And that's the point. There are places where that single yell or moment of running free are not ok, not once. So to bring your kid into that situation knowing you cannot reasonably be expected to ensure the proper level of behavior from them (because kids are kids and parents are mere humans) is not really acceptable behavior.

You are assuming that no parent can adequately predict their child's behavior and I'm saying that that's not true. Sure there are lots of parents who can't or don't. But I never took my kids anywhere, not even Denny's, before I was positive they could handle it. That meant one of my kids got to go to nicer places much sooner than the other one because he could be relied on and she couldn't. But if my kid was somewhere, it was because I was certain they were ready.  That meant that by the time DS was five we could enjoy a meal at the fanciest of restaurants. DD didn't get the same privilege until much later, but when we finally did take her, she behaved perfectly.
Ask for what you want. Let's be clear on this one:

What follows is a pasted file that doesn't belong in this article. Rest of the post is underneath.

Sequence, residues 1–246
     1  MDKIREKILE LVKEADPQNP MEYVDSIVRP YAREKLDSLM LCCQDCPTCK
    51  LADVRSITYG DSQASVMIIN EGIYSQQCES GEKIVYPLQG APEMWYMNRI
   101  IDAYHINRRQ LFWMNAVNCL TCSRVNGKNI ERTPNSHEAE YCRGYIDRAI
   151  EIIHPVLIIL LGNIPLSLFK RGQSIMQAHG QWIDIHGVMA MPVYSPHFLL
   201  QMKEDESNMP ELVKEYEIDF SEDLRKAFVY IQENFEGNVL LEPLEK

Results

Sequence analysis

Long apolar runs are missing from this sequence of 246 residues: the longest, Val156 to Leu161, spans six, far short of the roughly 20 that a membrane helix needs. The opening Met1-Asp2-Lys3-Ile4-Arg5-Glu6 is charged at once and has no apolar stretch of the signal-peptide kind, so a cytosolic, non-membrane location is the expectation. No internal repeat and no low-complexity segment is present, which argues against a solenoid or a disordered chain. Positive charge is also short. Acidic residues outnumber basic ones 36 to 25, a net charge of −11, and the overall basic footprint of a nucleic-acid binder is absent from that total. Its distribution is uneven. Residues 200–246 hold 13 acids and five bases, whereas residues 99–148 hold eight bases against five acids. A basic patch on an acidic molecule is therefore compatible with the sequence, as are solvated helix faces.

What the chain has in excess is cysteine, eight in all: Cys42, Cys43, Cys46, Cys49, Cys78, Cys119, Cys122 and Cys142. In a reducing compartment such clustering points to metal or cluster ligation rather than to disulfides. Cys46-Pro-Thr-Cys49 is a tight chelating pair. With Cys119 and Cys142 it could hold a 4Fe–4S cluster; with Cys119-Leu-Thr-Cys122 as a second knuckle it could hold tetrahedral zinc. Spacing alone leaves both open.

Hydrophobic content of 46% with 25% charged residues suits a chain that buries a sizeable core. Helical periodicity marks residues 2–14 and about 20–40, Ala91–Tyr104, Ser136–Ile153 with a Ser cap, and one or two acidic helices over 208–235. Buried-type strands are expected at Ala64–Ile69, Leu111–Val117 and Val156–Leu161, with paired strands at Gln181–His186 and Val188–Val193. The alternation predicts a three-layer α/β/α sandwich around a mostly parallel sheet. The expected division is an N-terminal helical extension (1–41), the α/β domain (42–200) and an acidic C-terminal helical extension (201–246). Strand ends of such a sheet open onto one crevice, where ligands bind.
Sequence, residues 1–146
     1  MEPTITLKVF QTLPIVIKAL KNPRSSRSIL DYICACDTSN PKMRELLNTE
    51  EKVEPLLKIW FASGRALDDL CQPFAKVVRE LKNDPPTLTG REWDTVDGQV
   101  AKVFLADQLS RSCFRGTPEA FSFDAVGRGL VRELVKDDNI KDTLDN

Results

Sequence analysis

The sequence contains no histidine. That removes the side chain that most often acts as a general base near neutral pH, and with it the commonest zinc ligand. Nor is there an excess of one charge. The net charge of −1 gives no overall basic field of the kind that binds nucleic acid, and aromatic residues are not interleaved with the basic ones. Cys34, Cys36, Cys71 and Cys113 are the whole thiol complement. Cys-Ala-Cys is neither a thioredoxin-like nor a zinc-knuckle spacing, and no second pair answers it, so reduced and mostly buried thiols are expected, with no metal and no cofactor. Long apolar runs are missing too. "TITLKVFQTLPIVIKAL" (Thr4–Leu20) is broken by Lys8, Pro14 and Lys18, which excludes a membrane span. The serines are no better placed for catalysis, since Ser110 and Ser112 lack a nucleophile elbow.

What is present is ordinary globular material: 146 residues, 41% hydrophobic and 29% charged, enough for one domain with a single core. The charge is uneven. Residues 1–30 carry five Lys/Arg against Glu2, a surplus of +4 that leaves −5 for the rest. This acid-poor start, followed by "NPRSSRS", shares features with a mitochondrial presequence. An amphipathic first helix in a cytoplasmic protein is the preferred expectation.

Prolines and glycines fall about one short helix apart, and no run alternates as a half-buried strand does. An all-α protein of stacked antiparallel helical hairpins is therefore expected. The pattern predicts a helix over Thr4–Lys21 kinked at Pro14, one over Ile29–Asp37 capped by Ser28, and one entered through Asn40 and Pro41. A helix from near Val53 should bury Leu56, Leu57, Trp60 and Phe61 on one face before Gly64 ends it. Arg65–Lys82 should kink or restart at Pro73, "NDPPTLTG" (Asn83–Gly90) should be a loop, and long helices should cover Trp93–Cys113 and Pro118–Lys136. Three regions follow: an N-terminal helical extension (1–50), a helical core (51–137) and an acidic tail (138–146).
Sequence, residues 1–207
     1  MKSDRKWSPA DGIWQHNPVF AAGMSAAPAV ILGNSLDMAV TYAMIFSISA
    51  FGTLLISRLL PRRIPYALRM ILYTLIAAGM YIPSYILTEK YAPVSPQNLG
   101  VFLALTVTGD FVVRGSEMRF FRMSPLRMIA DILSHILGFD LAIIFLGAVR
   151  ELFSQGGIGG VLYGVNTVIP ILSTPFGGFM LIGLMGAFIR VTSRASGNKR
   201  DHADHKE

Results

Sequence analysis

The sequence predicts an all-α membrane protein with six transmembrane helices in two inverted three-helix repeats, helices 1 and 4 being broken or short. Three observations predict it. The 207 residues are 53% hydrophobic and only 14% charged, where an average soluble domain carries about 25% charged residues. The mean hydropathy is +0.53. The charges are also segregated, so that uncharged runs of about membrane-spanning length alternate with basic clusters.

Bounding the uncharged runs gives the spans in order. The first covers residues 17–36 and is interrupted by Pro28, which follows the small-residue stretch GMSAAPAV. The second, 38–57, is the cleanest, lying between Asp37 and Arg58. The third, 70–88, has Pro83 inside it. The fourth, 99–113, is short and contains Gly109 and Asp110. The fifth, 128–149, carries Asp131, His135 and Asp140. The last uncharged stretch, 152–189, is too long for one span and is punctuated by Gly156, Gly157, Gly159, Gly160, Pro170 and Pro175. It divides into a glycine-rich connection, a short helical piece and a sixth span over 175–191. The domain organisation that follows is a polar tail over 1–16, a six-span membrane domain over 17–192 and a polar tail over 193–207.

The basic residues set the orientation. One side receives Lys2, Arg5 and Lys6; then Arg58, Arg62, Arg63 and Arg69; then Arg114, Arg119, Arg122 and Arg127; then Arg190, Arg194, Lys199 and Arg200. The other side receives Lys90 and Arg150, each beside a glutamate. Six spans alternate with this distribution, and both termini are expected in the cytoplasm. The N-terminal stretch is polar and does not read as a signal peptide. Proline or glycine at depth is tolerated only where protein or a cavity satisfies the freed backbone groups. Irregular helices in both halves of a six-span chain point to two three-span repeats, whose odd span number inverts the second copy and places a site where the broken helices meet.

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Hmmmmm

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Re: Are there places where kids don't belong? Or am I big, child-free grump?
« Reply #116 on: September 18, 2013, 06:23:03 PM »
But just because it isn't rude doesn't mean that I don't have the right to be annoyed by it or prefer your child not be present.

I absolutely defend your right to be annoyed! But your annoyance at a child's presence in a restaurant doesn't mean the child shouldn't be there. I'm annoyed at all sorts of things that people do, that doesn't mean they are actually doing anything wrong.

And, ftr, I completely understand the annoyance of walking into a nice restaurant, expecting a quiet, child-free evening and spotting a child two tables over.  Maybe you saved for this night for weeks, and hired a babysitter for your own kids, and bought a new dress, and actually put some effort into your hair for a change (thinking of myself here), and you just wanted a nice evening with your spouse. And there's the a kid. That doesn't mean the child shouldn't be there.